3. Warby Parker is a fascinating business and I am impressed by its growth. I think the company is thriving because we live in a world where self-expression and customization are king (I am, of-course, referring primarily to the developed world). Warby Parker’s business model enables finer customer segmentation since people are able to design the exact product that they want, which inherently leads to higher customer willingness-to-pay. One thing that bothers me is the social mission of “buy-a-pair, give-a-pair”. I hadn’t thought much about this model until I watched a documentary that highlighted the negative impact of TOMS shoes in poor countries. The idea is summarized by the adage “Give a man a fish and you feed him for a day; teach a man to fish and you feed him for a lifetime.” Giving away glasses (or shoes) may put local mom&pop shops out of business, because they can never compete with a free product. Further, it reinforces a view that people in poor countries are constantly in need of western aid and subtly promotes a culture of dependency in these places, which can have long-term negative consequences. I am not implying that all humanitarian aid is categorically bad. And there may be an argument that glasses are different than shoes or other products. But I feel this “Do Good” model requires a deeper understanding of the psychosocial and economic impact (both positive and negative) on communities in the developing world, which, by definition, are trying to develop their own sustainable businesses and economies.

    1. @Komal Kothari, thank you for your comment! I’m glad that you brought this point up. You are quite right that the TOMS social model has come under fire because it encourages dependency and can undermine local businesses. However, while Warby uses the same ‘buy-a-pair, give-a-pair’ tag-line, its social strategy has an entirely different structure – and for good reason. Broadly, Warby uses your ‘teach a man to fish’ model. Neil Blumenthal (Warby co-founder) was one of the early employees of Vision Spring (http://visionspring.org), and Vision Spring remains Warby Parker’s principle social partner today. For every pair of Warby Parker glasses that are purchased, the company makes a cash donation to Vision Spring, which covers the cost of sourcing a pair of glasses to local producers in one of the non-profit’s distribution countries. Vision Spring then trains local entrepreneurs to give basic eye exams and sell glasses to their communities at affordable prices (https://www.warbyparker.com/buy-a-pair-give-a-pair). This model really is all about creating sustainable, local markets as a force for change, and is very different than the pure donation model that other companies use. To read more about Vision Spring and Warby Parker’s partnership and the philosophy behind their social mission, take a look at these articles: http://www.entrepreneur.com/article/242437, http://www.forbes.com/sites/ashoka/2012/10/05/the-visionspring-model-creating-markets-and-players-instead-of-empty-csr/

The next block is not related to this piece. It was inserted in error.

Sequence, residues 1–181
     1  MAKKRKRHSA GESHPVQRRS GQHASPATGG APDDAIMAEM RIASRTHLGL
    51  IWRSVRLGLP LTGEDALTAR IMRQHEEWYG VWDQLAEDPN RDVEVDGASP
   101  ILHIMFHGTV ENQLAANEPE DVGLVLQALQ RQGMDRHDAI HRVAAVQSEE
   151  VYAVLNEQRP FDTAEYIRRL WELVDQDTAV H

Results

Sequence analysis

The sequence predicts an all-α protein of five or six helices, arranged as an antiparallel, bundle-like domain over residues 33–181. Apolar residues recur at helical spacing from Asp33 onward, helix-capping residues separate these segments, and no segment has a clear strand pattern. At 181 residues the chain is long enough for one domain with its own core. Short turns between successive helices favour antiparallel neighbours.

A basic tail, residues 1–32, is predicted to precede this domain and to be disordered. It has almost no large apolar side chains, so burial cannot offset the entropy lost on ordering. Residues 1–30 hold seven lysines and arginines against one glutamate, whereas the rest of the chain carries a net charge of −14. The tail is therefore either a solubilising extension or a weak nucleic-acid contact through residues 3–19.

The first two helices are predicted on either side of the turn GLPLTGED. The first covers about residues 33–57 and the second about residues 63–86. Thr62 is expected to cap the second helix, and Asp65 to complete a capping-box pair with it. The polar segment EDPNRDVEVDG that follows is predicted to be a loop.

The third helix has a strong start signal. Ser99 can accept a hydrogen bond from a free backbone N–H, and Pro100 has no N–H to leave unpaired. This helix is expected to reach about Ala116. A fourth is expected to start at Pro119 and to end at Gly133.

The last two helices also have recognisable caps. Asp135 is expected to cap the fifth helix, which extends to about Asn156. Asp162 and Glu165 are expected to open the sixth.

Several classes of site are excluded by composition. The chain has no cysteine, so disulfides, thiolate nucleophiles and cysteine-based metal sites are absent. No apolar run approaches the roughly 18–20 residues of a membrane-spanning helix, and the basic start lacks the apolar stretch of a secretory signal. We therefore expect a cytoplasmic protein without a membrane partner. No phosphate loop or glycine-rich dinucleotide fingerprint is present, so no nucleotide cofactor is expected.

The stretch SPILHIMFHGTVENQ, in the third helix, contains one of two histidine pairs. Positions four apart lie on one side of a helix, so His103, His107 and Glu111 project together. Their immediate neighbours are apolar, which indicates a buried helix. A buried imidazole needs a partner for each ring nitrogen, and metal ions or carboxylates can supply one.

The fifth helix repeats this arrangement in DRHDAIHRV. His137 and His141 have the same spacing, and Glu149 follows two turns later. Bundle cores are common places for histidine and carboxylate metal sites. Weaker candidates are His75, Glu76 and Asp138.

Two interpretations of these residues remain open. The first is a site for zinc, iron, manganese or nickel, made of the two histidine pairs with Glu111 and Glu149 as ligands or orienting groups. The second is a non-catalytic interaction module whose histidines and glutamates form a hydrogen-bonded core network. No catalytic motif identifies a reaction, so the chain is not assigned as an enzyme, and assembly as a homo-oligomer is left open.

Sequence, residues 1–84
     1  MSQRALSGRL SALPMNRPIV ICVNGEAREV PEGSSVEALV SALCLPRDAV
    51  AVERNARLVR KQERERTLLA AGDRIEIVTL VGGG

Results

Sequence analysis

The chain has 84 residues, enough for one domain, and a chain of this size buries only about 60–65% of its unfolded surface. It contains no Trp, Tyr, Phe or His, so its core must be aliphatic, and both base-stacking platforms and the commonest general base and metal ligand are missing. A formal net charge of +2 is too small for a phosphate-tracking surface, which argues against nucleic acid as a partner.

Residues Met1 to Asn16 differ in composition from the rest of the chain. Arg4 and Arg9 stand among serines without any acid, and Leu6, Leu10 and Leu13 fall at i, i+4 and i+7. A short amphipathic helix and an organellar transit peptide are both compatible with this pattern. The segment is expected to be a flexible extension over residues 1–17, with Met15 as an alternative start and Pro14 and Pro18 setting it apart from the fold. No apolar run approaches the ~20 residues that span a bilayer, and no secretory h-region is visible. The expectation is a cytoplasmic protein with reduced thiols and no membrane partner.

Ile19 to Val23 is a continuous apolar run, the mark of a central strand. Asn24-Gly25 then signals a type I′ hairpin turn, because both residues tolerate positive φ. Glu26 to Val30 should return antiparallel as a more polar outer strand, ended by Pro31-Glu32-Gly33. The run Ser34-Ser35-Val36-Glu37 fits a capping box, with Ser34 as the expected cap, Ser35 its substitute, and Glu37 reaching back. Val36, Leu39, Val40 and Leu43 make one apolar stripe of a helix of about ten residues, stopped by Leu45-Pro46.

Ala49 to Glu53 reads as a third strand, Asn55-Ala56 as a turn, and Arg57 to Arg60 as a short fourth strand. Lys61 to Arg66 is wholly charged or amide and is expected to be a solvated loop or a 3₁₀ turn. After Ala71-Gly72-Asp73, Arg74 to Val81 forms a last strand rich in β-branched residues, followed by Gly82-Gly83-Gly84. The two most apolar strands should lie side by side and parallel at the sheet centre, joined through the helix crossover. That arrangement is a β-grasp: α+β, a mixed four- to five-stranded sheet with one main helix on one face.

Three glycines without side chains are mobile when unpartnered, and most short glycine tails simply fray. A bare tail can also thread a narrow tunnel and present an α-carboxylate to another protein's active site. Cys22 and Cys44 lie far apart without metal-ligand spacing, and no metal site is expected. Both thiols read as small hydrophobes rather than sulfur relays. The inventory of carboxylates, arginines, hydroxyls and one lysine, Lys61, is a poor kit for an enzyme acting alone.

1. Very cool!! Thanks for explaining the uniqueness of this model, Patrick =)

  4. Hey Patrick. As you know, i’m obsessed with Warby Parker. What i love about them is how they’ve carefully and incrementally built out the brand – not rushing at all! So many eCommerce sites and brands, particularly in India, spend so much money on TV ads, newspaper and billboards – and here is a company that didn’t (and still doesn’t?) do that but yet has arguably a more powerful and well known brand. Their marketing and branding choices have lent so well to the brand they’ve created – as you highlighted. One thing i think about is how did they manage to loop in the cultural influencers? it’s so difficult! was it a well connected founding team or was the product/idea just that compelling! You don’t see Oprah talking about BirchBox or BaubleBar the way she does about Warby.

  5. Patrick,
    Really good post. Thanks for the insights. My questions are vey much aligned with Mark’s. We chatted in class about the quasi monopoly that a company has on the business, do you think it will respond by lowering its prices? I am sure we are far from a price war but this may contribute to give a little more of the value to the costumer. One more point for WP.

  6. Patrick,

    Great write-up. One thing about Warby that surprises me is that they’re able to convey quality / style at a low price point, which really bucks the fashion trend that higher priced items are glorified. Did Warby ever face these issues, or did the strong roll-out plan position the brand well enough in consumers’ eyes?

  7. Great comment Patrick.
    I love how Warby Parker has revolutionized the industry, however I can’t help but wonder how this model can work in other countries where shipping is not as cheap and not as easy. I would like to see how they expand to other markets and how they adapt their operating model to still fit their original business model. In the meantime, can’t wait to try their services myself!!